18.4.2. Upload the CNF packages to Charmed OSM

First we will clone the osm-packages repo. In this repo, we can find different examples of VNFs and CNFs that can be deployed with OSM.

git clone --recursive https://osm.etsi.org/gitlab/vnf-onboarding/osm-packages

We are going to upload the squid proxy package. Squid is a web server application which provides proxy and cache services for protocols like HTTP or FTP. These are the commands to upload squid proxy packages to OSM:

cd osm-packages

osm nfpkg-create squid_metrics_cnf
osm nspkg-create squid_metrics_cnf_ns

You can see that the packages have been successfully uploaded if the squid_cnf vnf package and the squid_cnf_ns network service package are listed when you type the following commands:

$ osm vnfd-list
| nfpkg name   | id                                   | desc type |
| squid_cnf    | c1763aa7-209b-45df-9403-63f34eb9ebde | sol006    |

$ osm nsd-list
| nsd name     | id                                   |
| squid_cnf_ns | d99eb544-0415-46cc-a6ef-b78d9c83778d |

18.4.3. Deploy the CNF

Now that we have all the packages uploaded to OSM, we are going to instantiate the squid proxy using this command:

osm ns-create --ns_name squid --nsd_name squid_cnf_ns --vim_account dummyvim

After a few minutes the CNF should be already instantiated:

$ osm ns-list
| ns instance name | id                                   | date                | ns state | current operation | error details |
| squid            | ed9e8e52-f96f-4a33-ae2c-198ce944d1fd | 2022-02-07T12:51:07 | READY    | IDLE (None)       | N/A           |
To get the history of all operations over a NS, run "osm ns-op-list NS_ID"
For more details on the current operation, run "osm ns-op-show OPERATION_ID"

You can see that the ns state has changed from BUILDING to READY, and the current operation has changed from INSTANTIATING to IDLE.

18.5. Testing the CNF and day-2 actions

18.5.1. Test the squid proxy

The squid proxy is configured by default to deny the access to any web page we want to browse. First, we are going to test this behavior.

We need the IP address of our squid that we will use to go through the proxy to Internet. We can get the IP executing the following commands:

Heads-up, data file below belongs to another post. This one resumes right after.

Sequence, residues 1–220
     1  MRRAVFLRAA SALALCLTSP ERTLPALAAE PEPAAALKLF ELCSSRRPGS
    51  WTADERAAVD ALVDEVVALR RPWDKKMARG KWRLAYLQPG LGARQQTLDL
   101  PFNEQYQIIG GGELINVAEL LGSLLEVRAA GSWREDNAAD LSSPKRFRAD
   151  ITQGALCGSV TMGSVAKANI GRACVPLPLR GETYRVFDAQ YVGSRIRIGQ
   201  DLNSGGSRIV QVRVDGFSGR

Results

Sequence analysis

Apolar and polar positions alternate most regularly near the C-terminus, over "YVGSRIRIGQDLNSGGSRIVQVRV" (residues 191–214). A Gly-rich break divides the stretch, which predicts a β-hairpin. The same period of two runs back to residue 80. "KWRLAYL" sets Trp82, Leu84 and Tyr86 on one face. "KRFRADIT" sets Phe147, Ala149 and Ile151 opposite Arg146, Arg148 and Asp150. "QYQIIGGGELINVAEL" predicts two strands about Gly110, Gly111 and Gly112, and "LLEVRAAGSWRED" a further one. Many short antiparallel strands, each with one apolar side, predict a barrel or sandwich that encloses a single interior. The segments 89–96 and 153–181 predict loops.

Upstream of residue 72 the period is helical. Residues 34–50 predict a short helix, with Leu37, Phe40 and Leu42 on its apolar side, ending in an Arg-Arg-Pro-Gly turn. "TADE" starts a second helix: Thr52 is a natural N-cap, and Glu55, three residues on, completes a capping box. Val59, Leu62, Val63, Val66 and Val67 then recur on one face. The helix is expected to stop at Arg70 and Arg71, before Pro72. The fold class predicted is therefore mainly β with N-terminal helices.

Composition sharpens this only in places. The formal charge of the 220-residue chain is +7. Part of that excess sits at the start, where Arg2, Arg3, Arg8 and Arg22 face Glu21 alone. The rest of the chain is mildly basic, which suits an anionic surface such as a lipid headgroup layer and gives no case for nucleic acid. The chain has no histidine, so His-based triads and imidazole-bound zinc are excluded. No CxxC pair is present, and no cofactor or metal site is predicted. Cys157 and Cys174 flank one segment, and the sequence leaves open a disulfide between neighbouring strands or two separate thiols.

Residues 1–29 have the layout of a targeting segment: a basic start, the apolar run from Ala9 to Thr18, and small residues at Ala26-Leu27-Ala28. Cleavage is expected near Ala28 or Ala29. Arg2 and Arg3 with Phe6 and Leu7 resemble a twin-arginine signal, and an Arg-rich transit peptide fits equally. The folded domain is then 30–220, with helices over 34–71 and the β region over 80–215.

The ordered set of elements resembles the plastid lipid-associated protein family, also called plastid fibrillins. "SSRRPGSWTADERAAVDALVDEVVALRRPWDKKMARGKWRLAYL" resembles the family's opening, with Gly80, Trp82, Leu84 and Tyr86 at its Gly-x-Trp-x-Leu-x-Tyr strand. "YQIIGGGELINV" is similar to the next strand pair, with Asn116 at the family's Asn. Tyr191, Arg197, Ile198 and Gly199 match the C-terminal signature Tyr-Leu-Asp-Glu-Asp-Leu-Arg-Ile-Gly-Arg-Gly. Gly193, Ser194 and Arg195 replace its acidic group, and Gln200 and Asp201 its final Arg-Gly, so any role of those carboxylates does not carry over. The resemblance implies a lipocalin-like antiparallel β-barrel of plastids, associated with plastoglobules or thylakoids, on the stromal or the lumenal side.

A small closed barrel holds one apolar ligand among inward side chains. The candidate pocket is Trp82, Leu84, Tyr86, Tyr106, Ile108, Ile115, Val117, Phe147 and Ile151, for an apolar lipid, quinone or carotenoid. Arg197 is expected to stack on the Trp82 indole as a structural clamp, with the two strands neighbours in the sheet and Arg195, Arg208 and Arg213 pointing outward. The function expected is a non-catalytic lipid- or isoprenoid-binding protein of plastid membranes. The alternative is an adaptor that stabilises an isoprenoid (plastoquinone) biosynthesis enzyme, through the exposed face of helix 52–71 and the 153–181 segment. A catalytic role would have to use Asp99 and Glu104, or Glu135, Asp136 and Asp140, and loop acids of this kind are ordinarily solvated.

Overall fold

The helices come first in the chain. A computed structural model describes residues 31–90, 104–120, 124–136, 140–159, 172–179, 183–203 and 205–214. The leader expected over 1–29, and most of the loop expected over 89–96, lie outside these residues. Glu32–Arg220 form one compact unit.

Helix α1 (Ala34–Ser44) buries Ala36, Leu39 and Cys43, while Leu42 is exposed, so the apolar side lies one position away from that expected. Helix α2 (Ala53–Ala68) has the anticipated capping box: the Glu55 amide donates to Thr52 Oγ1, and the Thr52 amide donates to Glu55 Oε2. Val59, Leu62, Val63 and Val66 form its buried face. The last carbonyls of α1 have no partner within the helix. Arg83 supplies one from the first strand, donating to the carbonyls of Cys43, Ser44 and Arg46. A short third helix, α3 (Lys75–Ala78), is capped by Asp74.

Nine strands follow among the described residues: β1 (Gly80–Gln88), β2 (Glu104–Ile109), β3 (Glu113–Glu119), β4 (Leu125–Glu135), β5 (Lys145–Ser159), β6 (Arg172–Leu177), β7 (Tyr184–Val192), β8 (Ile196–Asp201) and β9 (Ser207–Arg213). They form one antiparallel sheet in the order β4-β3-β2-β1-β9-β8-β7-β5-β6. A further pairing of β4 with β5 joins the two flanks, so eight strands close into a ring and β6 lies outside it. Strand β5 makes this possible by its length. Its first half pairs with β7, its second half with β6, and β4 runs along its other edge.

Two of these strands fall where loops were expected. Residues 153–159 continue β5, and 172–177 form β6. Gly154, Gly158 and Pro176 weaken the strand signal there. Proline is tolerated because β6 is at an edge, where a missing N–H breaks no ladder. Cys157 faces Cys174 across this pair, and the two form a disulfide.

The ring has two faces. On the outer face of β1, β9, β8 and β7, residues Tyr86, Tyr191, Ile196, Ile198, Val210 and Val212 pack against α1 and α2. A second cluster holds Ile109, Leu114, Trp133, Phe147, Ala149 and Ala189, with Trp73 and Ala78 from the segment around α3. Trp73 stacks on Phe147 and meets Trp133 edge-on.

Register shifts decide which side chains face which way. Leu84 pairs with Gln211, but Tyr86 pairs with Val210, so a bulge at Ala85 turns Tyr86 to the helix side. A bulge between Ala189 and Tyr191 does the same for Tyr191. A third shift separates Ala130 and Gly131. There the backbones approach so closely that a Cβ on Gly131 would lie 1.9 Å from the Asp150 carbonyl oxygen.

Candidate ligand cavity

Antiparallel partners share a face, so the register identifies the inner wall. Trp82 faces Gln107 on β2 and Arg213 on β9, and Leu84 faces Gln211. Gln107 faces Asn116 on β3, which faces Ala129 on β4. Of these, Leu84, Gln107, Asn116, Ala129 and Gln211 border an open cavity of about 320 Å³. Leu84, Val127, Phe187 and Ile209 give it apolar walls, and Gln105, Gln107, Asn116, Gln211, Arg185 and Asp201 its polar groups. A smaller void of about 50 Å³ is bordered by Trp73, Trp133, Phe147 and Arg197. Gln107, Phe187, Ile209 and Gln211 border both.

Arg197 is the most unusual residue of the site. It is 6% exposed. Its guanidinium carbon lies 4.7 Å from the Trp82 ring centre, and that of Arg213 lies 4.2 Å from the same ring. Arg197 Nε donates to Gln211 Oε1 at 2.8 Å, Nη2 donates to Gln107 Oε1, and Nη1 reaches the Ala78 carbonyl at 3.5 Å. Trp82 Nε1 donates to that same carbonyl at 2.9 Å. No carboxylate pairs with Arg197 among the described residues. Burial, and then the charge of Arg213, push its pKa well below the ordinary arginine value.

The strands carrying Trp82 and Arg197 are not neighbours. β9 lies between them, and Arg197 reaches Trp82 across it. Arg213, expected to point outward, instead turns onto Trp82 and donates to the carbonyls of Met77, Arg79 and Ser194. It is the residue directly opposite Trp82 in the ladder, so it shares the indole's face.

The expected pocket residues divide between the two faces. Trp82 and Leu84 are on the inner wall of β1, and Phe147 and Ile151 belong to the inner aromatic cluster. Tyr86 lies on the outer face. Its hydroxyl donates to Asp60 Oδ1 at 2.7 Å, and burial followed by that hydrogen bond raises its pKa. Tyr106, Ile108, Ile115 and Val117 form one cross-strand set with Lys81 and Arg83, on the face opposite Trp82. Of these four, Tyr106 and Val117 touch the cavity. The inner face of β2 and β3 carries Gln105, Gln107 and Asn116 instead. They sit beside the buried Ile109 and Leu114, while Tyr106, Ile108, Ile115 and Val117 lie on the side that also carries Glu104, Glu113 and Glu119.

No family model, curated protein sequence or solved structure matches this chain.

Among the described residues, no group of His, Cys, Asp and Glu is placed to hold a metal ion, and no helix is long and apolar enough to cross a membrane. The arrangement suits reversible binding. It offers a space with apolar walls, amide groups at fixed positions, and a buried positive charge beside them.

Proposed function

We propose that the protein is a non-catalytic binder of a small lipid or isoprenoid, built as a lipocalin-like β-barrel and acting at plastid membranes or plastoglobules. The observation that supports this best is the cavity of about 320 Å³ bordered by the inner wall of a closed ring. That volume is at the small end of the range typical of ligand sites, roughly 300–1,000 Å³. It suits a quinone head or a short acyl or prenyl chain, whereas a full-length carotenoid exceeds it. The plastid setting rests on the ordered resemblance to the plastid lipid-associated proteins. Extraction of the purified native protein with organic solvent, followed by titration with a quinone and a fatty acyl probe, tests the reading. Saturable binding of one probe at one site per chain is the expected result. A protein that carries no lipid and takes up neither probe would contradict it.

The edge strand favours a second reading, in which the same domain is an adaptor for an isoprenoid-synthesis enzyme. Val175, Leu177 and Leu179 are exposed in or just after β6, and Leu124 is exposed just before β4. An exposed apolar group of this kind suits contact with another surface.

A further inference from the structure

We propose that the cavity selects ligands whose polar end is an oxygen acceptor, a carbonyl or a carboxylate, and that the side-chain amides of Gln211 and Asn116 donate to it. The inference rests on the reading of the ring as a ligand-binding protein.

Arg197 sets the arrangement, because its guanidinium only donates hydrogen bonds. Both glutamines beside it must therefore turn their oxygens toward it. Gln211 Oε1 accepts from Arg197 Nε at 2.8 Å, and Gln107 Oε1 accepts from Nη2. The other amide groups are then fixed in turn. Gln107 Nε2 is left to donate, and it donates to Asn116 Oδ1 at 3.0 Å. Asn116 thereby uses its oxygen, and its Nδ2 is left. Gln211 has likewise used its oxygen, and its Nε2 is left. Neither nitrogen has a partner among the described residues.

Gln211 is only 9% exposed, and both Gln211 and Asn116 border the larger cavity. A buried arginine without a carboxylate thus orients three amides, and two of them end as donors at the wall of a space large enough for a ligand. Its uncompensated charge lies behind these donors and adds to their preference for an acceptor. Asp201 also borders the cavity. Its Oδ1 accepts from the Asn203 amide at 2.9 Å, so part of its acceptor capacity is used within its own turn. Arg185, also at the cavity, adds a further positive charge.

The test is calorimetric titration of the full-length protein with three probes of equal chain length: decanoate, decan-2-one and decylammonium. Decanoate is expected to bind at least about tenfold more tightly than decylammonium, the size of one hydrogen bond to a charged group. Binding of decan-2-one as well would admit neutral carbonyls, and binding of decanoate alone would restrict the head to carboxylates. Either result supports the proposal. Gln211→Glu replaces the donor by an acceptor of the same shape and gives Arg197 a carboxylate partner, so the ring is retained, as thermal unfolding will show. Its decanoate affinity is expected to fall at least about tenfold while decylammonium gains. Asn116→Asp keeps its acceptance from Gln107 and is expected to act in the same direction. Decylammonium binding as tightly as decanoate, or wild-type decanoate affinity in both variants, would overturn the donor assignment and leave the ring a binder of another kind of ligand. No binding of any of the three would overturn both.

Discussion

# Get squid VNF ID
$ VNF_ID=`osm vnf-list --ns squid | grep squid_cnf | awk '{print $2}'`

# Get squid ClusterIP
$ sudo snap install yq
$ SQUID_IP=`osm vnf-show $VNF_ID --literal | yq e '.kdur[0].services[] | select(.name == "squid") | .cluster_ip'`
$ echo $SQUID_IP

Then, we will use this IP as a proxy to browse a web page:

$ HTTPS_PROXY=$SQUID_IP:3128 curl https://google.com
curl: (56) Received HTTP code 403 from proxy after CONNECT

We will receive an HTTP 403 - FORBIDDEN response.

18.5.2. Allow a url to pass through the proxy

So, we saw that our squid proxy will forbid us to navigate to Internet. Now, we want to change its configuration in order to be able to go to google.com. For that we will use the following OSM’s day-2 action:

$ osm ns-action squid --vnf_name squid_cnf \
                      --kdu_name squid-metrics-kdu \
                      --action_name add-url \
                      --params '{application-name: squid, url: google.com}' \

So then, if we try again (the squid can take a couple of minutes until it is updated with the new configuration) we will see that we can navigate to google.com:

$ HTTPS_PROXY=$SQUID_IP:3128 curl https://google.com
<HTML><HEAD><meta http-equiv="content-type" content="text/html;charset=utf-8">
<H1>301 Moved</H1>
The document has moved
<A HREF="https://www.google.com/">here</A>.

OSM allowed us to manage the squid proxy CNF and change its settings to be able to browse google.com.